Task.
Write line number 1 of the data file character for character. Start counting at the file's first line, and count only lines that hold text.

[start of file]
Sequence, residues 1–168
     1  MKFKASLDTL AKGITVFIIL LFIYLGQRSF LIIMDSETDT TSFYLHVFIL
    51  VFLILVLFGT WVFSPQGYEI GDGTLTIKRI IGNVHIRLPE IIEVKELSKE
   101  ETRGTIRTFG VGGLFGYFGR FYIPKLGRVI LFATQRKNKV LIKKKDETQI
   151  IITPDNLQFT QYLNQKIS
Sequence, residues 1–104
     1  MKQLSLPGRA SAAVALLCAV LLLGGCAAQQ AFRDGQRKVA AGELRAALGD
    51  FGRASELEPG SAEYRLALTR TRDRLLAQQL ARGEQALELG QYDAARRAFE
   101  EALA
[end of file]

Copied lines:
Sequence, residues 1–168